5. Areas of improvement
Self-awareness is an ever-elusive trait—but easier when you dedicate time to it. We recommend spending at least an hour to come up with areas of improvement, along with action steps to address them. This will help your manager find tangible ways to help you grow. They probably have their own ideas of how you can improve, but pointing out those areas and asking for help shows that you’re responsive and teachable. Some managers are passive, so you might need to pointedly ask them if they have any areas of improvement for you. Don’t shy away from asking for this feedback directly—it will give you important insight into your manager’s priorities.
We all have areas we need to improve. This isn’t about shaming yourself or being negative. It’s about taking an honest look in the mirror so that you can grow—not just as an employee, but as a human being.
Areas of improvement self evaluation examples:
When I’m in the middle of work, especially writing, I tend to get frustrated with interruptions. I’ve noticed that I try to end the conversation quickly so I can get back to my tasks. I’d like to work on more open communication with my team so we both know what to expect from each other. For example, I can let everyone know that when I have my headphones in, it means I need to stay focused. I also had an idea of making a visual desk toy that indicates when it’s okay to interrupt me. How do you feel about me testing that out in the next two weeks?
6. Growth plan or professional development plan
Nothing says leadership skills like suggesting next steps for yourself. Again, your manager might have their own ideas on your developmental plan, but don’t wait around for them to share. You know yourself best, so read through everything you’ve written in your self reflection so far and consider what to do next to keep growing.
Professional development self evaluation example:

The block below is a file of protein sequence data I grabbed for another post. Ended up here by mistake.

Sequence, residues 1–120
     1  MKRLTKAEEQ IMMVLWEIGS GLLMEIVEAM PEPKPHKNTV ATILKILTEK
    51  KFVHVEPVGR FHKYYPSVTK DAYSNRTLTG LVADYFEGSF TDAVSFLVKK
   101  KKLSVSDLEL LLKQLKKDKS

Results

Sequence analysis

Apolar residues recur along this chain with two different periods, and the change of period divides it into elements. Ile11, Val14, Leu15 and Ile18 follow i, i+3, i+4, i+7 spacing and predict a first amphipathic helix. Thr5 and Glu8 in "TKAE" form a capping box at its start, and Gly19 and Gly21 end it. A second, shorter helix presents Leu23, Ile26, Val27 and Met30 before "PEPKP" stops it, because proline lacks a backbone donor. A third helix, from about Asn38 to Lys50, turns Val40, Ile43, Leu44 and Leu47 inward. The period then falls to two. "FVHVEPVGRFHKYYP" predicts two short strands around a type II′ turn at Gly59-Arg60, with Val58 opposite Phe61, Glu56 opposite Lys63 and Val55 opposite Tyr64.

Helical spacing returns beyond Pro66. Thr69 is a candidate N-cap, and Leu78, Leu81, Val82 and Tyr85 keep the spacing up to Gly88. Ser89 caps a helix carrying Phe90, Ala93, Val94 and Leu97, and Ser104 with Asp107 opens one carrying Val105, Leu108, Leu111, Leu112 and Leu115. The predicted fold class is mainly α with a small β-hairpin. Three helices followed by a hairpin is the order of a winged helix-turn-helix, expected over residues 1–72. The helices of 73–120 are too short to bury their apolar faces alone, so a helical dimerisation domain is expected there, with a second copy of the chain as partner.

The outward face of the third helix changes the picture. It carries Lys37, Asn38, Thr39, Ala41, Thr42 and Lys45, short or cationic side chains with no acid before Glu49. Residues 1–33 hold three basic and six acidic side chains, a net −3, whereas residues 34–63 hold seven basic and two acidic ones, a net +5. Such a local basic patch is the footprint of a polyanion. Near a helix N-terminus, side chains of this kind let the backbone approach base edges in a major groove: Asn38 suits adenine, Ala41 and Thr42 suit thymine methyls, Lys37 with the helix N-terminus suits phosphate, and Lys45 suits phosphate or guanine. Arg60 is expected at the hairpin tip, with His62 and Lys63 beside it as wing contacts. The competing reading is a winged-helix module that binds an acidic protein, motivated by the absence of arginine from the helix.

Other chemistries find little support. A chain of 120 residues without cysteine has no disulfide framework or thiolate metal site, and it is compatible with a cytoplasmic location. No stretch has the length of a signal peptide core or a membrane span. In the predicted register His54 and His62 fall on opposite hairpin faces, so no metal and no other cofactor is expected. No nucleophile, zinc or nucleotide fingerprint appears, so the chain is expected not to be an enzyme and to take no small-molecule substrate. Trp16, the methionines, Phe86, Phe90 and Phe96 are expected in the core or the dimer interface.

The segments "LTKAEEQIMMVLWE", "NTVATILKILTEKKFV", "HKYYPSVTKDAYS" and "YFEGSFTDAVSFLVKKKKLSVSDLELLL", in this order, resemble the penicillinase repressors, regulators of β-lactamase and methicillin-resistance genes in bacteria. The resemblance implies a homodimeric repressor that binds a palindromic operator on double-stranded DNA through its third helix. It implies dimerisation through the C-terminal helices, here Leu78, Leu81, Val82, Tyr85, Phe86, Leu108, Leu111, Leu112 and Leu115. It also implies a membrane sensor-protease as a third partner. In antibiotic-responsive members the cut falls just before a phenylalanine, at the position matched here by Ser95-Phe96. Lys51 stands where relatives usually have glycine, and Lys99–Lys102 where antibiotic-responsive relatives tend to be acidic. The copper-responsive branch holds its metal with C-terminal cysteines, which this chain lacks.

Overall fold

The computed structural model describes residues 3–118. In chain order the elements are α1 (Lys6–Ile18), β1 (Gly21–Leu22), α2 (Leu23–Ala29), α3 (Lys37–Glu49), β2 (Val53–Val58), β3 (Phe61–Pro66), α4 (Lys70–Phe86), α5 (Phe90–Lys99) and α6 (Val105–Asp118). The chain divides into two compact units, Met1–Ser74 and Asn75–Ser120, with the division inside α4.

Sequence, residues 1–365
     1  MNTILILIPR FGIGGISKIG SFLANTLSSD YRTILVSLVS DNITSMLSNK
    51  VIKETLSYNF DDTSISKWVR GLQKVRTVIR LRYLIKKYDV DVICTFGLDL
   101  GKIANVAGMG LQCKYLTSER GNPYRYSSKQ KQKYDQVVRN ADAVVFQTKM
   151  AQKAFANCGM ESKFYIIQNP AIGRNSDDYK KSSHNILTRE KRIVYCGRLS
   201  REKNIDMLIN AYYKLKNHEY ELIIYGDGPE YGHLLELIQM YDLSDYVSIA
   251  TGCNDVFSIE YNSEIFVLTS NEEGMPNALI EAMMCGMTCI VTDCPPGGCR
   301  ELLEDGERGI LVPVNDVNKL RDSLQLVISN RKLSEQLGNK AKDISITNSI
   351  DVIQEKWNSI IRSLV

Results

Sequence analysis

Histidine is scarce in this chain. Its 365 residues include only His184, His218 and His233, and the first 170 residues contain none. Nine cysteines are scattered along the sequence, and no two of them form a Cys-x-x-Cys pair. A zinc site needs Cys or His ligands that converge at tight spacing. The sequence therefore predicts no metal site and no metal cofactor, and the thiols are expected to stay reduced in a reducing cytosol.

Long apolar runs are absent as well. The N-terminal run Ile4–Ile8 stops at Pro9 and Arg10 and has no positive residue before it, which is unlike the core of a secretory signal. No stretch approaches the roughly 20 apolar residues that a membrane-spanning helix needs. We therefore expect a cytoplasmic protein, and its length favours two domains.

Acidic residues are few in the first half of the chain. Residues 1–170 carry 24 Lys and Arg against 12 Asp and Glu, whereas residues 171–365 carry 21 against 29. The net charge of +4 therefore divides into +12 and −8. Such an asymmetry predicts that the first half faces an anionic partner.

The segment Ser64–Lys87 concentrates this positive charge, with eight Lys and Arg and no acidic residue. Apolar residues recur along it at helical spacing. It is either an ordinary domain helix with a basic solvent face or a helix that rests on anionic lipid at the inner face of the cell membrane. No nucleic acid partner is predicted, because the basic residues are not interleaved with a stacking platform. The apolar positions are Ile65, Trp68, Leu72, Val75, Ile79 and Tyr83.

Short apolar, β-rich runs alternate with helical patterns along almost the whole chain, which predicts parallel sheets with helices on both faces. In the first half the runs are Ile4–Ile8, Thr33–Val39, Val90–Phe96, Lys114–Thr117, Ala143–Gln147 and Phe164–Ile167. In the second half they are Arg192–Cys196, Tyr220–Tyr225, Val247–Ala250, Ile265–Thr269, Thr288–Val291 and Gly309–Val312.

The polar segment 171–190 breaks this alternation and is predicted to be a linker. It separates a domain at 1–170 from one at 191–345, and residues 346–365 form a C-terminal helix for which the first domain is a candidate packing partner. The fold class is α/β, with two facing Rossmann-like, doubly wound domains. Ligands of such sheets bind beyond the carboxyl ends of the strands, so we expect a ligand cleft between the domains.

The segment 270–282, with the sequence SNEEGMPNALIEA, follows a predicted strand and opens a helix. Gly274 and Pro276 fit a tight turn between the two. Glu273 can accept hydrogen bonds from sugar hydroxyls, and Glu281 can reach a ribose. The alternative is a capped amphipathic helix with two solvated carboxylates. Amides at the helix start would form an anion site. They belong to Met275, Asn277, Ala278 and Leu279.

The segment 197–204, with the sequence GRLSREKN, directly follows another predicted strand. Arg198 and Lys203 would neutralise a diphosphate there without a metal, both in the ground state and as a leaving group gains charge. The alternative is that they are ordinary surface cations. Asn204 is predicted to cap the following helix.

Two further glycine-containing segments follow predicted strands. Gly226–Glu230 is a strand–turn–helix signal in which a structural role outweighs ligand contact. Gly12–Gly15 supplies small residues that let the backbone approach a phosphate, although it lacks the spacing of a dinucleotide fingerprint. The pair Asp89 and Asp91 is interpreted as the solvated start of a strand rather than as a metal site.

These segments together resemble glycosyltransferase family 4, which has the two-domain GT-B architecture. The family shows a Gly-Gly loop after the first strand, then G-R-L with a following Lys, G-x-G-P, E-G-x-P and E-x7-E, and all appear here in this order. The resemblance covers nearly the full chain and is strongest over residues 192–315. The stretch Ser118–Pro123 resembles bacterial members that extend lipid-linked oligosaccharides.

I’m eager to take the next step in my professional development by gaining a deeper knowledge of analytics. Our professional development stipend would cover 1 – 3 courses, and there are several affordable options from EdX in statistics, data analysis, or audience analytics.
I’d like to choose a course and get your approval. Then I can bring my learning back to the team. For example:
• I facilitate a workshops or lunch-and-learn
• I make recommendations on training topics for our customers
• I suggest new ways to optimize marketing analytics
There you have it: a step-by-step guide on how to write a self evaluation with confidence. Most employees don’t put this much thought into their performance reviews, so do yourself a favor and get ready to stand out!
Get more from your self evaluation
You’ve put all this work into your self evaluation. Now what? As promised, here are a few ways to make your self evaluation go even further when it comes to career progression:
- Add areas of accomplishment (#2 on this list) to your resume, personal website or portfolio, and LinkedIn profile. Now you’ll be up-to-date in case you want to freelance, network, or search for jobs.
- Use insights on productivity (#4) and areas of improvement (#5) to generate a list of content ideas to boost your thought leadership credibility. These could be LinkedIn posts, videos, blog posts, podcasts, webinars…the list goes on.
- Use goals (#3) and areas of accomplishment (#2) to come up with ideas for trainings, presentations, or even a conference talk.
- Look over the entire self evaluation and look for patterns. Write them down, pick 1 – 3 ideas that resonate the most, and use them to create a personal statement or tagline. This can be used in your LinkedIn headline, resume, online bios, elevator speech—anywhere you want a stronger personal brand.
- Review goals (#3) and areas of accomplishment (#2) to prepare for a salary negotiation with your employer. A well-thought-out list of what you bring to the table and why it’s valuable is essential to any negotiation. If you come prepared with a positive attitude and relevant market research (e.g. average salaries and responsibilities for someone with your job title), you’ll be well on your way to a raise.